Based on the Instagram pictures available, Novaya Gazeta claims to have identified two members of the institution that may have been deployed to Svalbard (Novaya Gazeta, October 2). Incidentally, the aforementioned center is said to have given training to members of the Chechen military police who took part in missions on Syrian territory. Moreover, the Spetsnaz University in Gudermes is said to soon start preparing bodyguards—de facto members of private military security companies (PMSC)—on an individual basis. Crucially, former members and veterans of special forces units Alfa group (SpetsgruppaA) and Vympel group (Spetsgruppa V) will conduct the training (RBC, October 4).

The official statement from the Norwegian embassy in Moscow denying having any evidence of Russian special forces operating on Norwegian territory would seem to sufficiently bring this potential scandal to a close (although, in this regard, a statement from Norway’s Ministry of Defense would be of value as well). Nevertheless, the issue still deserves an additional look from three specific angles.

First, Russia’s recently concluded strategic-operational exercise Tsentr 2019 (September 16–21) was meant to simulate anti-terrorist operations along the country’s southern flank. Presumably, the “Arctic dimension” should not have had any major role. And yet, this was not the case. Indeed, a closer look at the “Arctic side” of Tsentr 2019 provides a better understanding of the tactics that the Russian Armed Forces are likely to employ in this theater in case of hostilities. Available information suggests that in the High North, the legend of the exercises primarily focused on simulating operations by small, tactical highly maneuvering groups launching a surprise attack against enemy forces. The exercises, held just prior to the official start of Tsentr2019, clearly demonstrated that the Russian military expects local operations to have to be carried out with limited ground (ten BTR-82A 8×8 wheeled armored personnel carriers), sea (three combat ships), or aerial support (two Ka-27 helicopters) (, September 14). The total number of military personnel (500 troops, with a decisive role allocated to the military divers) and equipment offered an important glimpse into how Russia expects future conflict(s) to play out in the Arctic region (Regnum, September 17). As Russian military expert Vladislav Shuryghin explained late last year, “In the Arctic region, you do not fight wars with armies and divisions” (Izvestia, December 18, 2018). The alleged insertion of a small group of Russian (Chechen) special forces to Svalbard would, thus, seem to fit this model.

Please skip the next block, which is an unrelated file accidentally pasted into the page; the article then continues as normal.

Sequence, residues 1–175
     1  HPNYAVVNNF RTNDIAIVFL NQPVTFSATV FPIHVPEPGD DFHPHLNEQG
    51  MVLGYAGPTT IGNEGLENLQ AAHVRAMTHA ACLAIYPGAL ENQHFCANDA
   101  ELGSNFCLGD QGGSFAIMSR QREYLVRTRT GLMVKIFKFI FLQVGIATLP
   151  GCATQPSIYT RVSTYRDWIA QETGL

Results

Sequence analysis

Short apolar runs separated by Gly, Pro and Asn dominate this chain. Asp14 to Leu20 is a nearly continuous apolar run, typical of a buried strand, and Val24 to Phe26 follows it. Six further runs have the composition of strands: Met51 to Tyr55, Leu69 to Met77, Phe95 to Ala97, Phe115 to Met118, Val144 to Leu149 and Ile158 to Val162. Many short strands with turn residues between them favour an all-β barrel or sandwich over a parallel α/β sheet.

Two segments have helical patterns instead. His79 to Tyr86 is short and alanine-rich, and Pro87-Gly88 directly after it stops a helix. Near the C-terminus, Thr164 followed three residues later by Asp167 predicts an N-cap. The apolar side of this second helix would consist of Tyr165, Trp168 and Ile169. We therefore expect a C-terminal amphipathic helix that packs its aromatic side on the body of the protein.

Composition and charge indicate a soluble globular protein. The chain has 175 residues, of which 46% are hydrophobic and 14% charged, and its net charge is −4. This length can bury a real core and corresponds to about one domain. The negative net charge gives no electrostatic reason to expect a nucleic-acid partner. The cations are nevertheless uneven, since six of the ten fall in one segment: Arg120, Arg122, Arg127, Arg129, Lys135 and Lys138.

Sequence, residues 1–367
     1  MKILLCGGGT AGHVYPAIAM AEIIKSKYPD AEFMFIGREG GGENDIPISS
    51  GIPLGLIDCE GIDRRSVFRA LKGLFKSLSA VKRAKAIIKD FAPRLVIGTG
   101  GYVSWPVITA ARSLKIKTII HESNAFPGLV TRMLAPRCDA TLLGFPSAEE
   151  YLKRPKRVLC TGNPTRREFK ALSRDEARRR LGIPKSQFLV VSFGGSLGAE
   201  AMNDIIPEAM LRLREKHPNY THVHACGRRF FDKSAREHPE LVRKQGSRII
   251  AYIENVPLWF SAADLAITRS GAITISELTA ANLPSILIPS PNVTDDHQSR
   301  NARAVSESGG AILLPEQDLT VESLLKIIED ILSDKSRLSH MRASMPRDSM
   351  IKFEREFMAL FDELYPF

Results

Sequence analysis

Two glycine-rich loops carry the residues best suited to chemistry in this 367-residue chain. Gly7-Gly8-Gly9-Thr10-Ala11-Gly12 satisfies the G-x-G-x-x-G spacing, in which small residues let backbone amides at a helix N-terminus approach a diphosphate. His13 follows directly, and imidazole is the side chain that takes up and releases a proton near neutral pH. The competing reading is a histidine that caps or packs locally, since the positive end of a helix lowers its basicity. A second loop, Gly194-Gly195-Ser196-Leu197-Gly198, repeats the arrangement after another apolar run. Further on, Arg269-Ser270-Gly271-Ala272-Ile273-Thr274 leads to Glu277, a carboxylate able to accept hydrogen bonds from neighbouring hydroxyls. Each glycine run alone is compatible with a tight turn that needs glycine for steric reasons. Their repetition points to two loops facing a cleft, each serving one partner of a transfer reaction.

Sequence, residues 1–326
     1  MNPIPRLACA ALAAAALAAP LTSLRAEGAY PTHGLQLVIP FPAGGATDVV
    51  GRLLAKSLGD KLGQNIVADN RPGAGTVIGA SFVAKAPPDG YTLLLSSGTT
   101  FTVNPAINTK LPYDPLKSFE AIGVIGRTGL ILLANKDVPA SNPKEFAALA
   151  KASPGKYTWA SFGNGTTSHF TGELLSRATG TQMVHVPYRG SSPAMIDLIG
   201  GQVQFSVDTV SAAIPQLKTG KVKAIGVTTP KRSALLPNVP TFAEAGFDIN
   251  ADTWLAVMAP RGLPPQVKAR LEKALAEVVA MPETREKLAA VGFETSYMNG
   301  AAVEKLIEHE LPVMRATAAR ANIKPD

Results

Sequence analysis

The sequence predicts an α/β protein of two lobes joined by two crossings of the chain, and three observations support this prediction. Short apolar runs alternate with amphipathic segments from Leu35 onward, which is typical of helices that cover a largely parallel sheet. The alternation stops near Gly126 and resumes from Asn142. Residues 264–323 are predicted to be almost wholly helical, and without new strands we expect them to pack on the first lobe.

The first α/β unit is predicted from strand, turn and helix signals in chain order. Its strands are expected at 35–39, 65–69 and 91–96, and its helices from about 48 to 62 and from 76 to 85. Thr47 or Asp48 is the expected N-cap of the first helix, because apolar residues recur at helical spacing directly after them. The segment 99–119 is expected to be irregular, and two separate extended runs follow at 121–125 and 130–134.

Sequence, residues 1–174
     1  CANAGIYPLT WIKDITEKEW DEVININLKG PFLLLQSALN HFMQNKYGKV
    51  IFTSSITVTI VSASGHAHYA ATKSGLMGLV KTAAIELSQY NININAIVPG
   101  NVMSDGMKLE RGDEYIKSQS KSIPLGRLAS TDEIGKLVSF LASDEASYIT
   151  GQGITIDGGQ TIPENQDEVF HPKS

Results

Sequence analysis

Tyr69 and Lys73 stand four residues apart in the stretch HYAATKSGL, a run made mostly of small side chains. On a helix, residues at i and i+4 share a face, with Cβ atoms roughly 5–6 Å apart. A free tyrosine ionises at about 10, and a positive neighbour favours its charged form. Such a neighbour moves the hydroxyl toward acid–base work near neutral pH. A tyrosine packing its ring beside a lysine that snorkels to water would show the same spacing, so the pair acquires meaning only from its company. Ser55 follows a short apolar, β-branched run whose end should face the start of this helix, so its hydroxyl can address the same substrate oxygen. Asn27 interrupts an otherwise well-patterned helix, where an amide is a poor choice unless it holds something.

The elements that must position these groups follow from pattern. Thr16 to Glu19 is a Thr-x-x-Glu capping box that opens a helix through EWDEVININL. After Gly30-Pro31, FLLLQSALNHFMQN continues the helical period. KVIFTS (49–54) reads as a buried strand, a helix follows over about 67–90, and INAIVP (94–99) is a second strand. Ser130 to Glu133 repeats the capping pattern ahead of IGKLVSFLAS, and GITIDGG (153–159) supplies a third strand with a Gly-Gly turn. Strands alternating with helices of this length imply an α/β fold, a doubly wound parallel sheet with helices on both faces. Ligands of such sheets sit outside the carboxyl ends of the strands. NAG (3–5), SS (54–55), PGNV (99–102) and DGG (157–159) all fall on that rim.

Second, previously held regional drills in the Russian High North are fully commensurate with the above-made point. Notably, in 2016, when the Russian tourist camp Ice Camp Barneo was surreptitiously transformed into a special forces training range, the exercises held there notably included Chechen Spetsnaz (see EDM, May 14, 2019).

Third, Russias actions in the Arctic and northern Scandinavia—provocations actively supported by high-level Moscow officials, including former deputy prime minister Dmitry Rogozin (Novaya Gazeta, April 22, 2015)—have been increasingly used by the Russian side to discredit the European Union and NATO, as well as to highlight the Kremlin’s supposed invulnerability to international reaction.

When it comes to its actions in the Arctic (tactics of “small steps”), Russia quite skillfully combines both actual military preparations with an element of disinformation. And by successfully utilizing the latter, Moscow succeeds in distracting international attention from the former.